The surname Gawthrop features in my paternal line.  My 2x great grandmother is Ellen Gawthrop (1824-1892) and my 3x great grandfather is Martin Gawthrop (1800-1860). I haven’t yet been able to find any concrete evidence for Martin’s parents but continue to research the name.

According to surnamedb  the name is of Old Norse origin, and is a locational name from either of two places in the West Riding of Yorkshire. Gawthope near Dewsbury is recorded as “Goukethorpe” in the 1274 Wakefield Court Rolls, and Gawthorpe near Huddersfield is recorded as “Goutthorp” in the 1297 Subsidy Rolls.

The derivation of the placename is from the Old Norse “gaukr”, cuckoo, and “thorp”, enclosure, hamlet, village; hence, “village where cuckoo’s frequented”.

During the Middle Ages, when migration for the purpose of job-seeking was becoming more common, people often took their former village name as a means of identification, thus resulting in a wide dispersal of the name.

The surname has many variant spellings ranging from Gawthrope, Gowthrop and Gawthrop, to Gawthorp, Gawthorpe and Gowthorpe. Recordings of the surname from Yorkshire Church Registers include: the marriage of Beatrice Gawthorpe and Henry Leigh, which took place at Howden, on May 10th 1572; the marriage of Richard Gawthorpe and Elizabeth Holroyd, which took place on February 14th 1573, at Halifax; and the christening of Robert, son of Thomas Gawthorpe, on August 28th 1580, at Aberford.

The first recorded spelling of the family name is shown to be that of Jane Galthorpe, which was dated August 15th 1540, when she married Roger Belman, at Rotherham, South Yorkshire, during the reign of King Henry V111.

Tombstone Tuesday – Tale of Two Sisters

This gravestone marks the resting place of two sisters who were born within three years of each other but who died nearly half a century apart.

Mary Ellen Gawthrop (nee Snowden) was born about 1869 in Cowling, West Yorkshire and her sister Leah was born about 1872, also in Cowling.

Mary Ellen is the wife of my 1st cousin 3x removed.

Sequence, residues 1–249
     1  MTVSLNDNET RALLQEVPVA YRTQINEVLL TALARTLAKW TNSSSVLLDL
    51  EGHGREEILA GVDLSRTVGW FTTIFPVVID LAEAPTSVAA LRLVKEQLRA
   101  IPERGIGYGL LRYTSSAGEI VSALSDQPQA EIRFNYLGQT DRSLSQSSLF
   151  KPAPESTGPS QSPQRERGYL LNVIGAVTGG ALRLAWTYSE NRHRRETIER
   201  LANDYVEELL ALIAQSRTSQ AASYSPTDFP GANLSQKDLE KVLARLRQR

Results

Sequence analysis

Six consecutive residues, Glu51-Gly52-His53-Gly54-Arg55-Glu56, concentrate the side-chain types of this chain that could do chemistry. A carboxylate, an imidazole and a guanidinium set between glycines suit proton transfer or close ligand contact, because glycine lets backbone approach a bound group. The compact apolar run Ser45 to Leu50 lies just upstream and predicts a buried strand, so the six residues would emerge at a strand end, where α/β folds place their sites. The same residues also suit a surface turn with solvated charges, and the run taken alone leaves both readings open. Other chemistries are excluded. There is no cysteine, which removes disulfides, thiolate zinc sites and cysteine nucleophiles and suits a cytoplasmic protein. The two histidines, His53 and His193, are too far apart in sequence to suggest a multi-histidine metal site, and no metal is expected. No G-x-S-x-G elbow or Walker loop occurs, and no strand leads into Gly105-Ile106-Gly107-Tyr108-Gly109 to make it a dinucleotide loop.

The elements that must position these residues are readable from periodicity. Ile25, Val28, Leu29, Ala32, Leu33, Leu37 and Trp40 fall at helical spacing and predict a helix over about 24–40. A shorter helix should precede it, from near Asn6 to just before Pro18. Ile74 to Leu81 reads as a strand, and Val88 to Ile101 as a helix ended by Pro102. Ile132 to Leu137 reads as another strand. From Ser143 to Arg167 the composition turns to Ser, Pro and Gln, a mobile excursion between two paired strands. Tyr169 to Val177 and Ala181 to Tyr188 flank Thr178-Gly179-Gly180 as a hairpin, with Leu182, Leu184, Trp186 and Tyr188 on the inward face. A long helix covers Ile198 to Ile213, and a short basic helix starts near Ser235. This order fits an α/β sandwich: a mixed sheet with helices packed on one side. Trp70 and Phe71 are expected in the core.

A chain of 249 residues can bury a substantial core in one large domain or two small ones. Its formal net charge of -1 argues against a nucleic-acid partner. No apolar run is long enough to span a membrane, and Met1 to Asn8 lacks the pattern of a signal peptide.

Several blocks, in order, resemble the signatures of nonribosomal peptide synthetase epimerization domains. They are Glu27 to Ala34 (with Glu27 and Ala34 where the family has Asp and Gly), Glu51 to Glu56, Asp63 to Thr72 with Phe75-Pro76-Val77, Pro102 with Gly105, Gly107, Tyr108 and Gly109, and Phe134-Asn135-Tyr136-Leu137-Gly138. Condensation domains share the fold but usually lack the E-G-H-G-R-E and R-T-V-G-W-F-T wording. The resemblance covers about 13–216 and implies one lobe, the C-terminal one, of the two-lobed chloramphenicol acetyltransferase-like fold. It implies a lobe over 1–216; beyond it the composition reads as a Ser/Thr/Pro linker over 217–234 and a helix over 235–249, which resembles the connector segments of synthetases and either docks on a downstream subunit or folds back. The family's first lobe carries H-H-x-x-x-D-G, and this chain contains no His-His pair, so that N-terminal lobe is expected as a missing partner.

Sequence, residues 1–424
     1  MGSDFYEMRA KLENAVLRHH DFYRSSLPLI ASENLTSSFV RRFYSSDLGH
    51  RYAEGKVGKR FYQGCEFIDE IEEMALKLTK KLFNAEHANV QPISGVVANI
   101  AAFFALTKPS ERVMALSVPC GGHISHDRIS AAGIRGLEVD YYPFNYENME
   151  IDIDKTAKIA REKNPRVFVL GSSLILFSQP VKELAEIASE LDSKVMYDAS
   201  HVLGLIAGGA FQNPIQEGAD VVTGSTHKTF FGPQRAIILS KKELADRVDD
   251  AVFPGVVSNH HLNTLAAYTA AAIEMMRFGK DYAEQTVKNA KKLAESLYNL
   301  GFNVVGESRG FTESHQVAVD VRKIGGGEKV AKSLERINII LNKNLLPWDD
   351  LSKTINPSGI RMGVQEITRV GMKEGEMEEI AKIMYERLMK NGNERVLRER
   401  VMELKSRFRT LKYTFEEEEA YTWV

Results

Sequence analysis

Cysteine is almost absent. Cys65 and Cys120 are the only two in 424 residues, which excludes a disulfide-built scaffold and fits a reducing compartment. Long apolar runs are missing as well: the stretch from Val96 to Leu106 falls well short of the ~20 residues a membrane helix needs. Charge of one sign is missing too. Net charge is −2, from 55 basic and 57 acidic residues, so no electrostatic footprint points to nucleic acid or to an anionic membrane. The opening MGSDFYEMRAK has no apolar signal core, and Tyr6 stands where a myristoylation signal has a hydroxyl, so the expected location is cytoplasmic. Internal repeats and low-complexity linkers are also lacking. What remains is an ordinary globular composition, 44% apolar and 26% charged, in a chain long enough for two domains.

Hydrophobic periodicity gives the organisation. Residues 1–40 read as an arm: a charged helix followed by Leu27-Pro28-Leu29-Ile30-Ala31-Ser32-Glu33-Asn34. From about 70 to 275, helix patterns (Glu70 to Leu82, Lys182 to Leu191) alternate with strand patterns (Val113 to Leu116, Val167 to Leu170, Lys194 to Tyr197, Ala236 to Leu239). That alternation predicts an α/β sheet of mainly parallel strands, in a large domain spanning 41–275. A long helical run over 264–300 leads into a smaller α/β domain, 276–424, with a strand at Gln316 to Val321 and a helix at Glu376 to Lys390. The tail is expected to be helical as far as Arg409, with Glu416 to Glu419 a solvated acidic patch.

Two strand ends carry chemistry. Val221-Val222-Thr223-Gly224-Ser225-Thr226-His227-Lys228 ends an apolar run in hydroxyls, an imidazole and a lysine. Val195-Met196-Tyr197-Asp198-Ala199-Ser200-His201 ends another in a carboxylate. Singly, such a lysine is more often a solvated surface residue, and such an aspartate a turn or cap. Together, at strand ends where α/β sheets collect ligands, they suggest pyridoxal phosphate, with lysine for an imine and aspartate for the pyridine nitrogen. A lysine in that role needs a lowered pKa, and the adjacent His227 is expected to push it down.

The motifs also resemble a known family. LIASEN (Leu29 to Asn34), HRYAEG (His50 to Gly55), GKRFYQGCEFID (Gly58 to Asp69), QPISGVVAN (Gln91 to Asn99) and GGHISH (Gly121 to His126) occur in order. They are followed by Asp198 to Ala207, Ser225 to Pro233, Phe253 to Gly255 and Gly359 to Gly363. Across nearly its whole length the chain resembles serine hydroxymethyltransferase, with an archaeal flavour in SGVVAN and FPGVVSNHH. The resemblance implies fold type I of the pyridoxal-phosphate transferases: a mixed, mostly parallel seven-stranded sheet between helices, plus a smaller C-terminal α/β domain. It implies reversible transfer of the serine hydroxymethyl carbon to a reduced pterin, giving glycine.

On the 1881 UK census Mary Ellen and Leah were living with their parents John (48) and Ann Snowden (44) and  their seven other siblings

Alice (19)

Annie (19)

John (16)

Emily (14)

Selina (10)

Dinah (6)

James (4)

The family is living at Fold Lane, Cowling.  The father is working as a weaving overlooker at a worsted factory.  The four oldest children are working as worsted weavers and the remaining children are recorded as scholars.

Mary Ellen married Joseph Gawthrop sometime in Q3 of 1889.  In the 1891 UK census they are living at 7 Gladstone Terrace, Trawden, Lancashire.  Jospeh’s occupation is cotton weaving overlooker and Mary Ellen is working as a cotton winder.

The following year their son, Wilfred, was born and his birth is registered at Burnley, Lancashire in Q3 1892.

I have no other information about Mary Ellen until her death on 29th April 1897.

Joseph married Selina Bannister in 1898 and they had twin boys the following year, John Elvin and Joseph Arthur.

In 1891 the UK census shows Leah Snowden living with her widowed mother Ann and still at Fold Lane, Cowling.  Also still living at home are siblings Emily (24), Selina (20), Dinah (16) and James (14).  All the children are working as cotton weavers.

In 1901 the family are still together and still living in Fold Lane and still working as cotton weavers.

In 1911 Leah remains living at home with her mother and three siblings – Emily (44), Selina (40), and James (35).

I have no other information about Leah until her death on 1st June 1944.  And I find it really interesting that sisters were buried together after so much time between their deaths.